Ann Vandervelde is a talented painter from Cleveland, Ohio whose work instantly captivated me with its broad, textural strokes and crisp, vibrant colors.
Many of her paintings also represent landscapes in highly abstracted forms (as evidenced by two of the three paintings below) allowing them to be appreciated on more than one level: that of abstract paintings, of course, and also as landscapes.
Winter’s Breath is a perfect example of that duality in action.
Take a moment. What do you see in the image?
My own mind immediately translates the cold blue area into water and the far off white into a field of snow. I then conjure up a line of wintry trees to explain the smudged blue line on the horizon.
The foreground is so abstracted that I hesitate to put my own thoughts into words—after all, I’m sure you will find something different. But whatever it is jutting upward in the foreground (and whatever is floating in the water) these objects are placed precisely to create depth and focus for the entire painting.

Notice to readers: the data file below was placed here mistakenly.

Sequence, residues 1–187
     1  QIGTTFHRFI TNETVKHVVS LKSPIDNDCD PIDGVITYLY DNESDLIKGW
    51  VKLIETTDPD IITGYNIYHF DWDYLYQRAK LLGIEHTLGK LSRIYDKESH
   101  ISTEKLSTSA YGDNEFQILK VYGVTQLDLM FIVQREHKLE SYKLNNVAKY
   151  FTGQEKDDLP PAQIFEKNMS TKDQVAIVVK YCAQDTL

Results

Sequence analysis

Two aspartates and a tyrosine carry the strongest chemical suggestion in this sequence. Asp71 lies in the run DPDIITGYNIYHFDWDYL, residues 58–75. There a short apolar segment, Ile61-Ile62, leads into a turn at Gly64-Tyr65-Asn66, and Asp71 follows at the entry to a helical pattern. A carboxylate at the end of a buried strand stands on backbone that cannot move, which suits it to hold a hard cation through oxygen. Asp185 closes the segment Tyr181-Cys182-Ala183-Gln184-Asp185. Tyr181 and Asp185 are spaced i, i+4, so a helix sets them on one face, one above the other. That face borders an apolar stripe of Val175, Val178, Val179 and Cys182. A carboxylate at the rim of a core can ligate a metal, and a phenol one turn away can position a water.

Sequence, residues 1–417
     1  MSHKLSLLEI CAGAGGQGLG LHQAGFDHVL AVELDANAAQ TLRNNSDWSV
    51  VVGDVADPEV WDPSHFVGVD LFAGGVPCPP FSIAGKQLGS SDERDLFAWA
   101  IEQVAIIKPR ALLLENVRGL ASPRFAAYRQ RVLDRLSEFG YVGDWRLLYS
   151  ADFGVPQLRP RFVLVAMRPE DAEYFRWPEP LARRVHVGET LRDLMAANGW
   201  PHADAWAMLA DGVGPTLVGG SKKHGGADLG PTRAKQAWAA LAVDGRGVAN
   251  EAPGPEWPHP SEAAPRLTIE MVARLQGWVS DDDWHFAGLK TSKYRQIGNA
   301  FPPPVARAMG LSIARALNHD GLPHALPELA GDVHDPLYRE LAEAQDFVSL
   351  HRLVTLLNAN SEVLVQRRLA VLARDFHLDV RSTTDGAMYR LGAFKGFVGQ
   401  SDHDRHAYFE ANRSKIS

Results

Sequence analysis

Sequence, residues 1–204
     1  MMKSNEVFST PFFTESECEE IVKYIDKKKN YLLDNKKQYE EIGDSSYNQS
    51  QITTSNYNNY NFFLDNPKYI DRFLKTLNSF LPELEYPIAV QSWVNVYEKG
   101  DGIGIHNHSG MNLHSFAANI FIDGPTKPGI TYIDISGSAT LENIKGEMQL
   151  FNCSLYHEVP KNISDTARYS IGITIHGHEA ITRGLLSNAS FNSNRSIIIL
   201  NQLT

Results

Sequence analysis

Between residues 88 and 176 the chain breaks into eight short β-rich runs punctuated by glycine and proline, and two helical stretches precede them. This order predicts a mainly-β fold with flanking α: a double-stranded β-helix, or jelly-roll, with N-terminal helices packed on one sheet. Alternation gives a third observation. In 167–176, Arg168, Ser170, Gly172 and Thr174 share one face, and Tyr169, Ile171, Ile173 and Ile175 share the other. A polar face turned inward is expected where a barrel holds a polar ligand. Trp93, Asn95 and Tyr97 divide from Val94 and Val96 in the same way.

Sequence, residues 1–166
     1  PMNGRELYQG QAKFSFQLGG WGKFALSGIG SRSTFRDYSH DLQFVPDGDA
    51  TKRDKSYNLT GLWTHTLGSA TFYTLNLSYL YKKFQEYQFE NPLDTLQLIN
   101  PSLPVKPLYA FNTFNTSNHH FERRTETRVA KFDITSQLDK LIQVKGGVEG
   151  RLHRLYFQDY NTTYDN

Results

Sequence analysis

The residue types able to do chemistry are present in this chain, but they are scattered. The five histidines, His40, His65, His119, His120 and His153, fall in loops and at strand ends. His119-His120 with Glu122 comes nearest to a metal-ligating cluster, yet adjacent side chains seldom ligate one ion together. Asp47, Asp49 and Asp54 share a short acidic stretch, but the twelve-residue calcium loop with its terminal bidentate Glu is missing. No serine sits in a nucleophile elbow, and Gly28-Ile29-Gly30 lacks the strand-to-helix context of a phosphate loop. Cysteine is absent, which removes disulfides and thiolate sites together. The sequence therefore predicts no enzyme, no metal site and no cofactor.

In this next piece, entitled Bridges, Ann Vandervelde has taken a simple concept, and probably a location or two, and melded imagery together to create a bridge-like experience in paint.
By combining crossing geometric forms (and again using the blue to represent water), the bridge-ishness of this painting still comes through, while never directly depicting a specific bridge at all.
Whether this remains an abstract landscape, or just an abstract, I’ll let you decide.
Now, not all of Ann’s paintings are taken from landscapes, just a good number of them. The painting below is called Ancient Symbols, and from my perspective is much more of a non-representational piece than either of the others shown above.
Notice, however, that these abstract forms have still been planned out and engineered to give space and depth to the painting. Taking a simple, classic approach, Ann placed warm colors against cool colors; letting one advance, while the other recedes.
This kind of depth in a non-representational painting is great way to add interest for viewers—and the details and textures in this piece are absolutely stunning as well.
If you’re interested in seeing more of Ann’s work, please take a moment and visit her portfolio website at AnnVandervelde.com. There are a lot more paintings there which I’m sure you’d enjoy.
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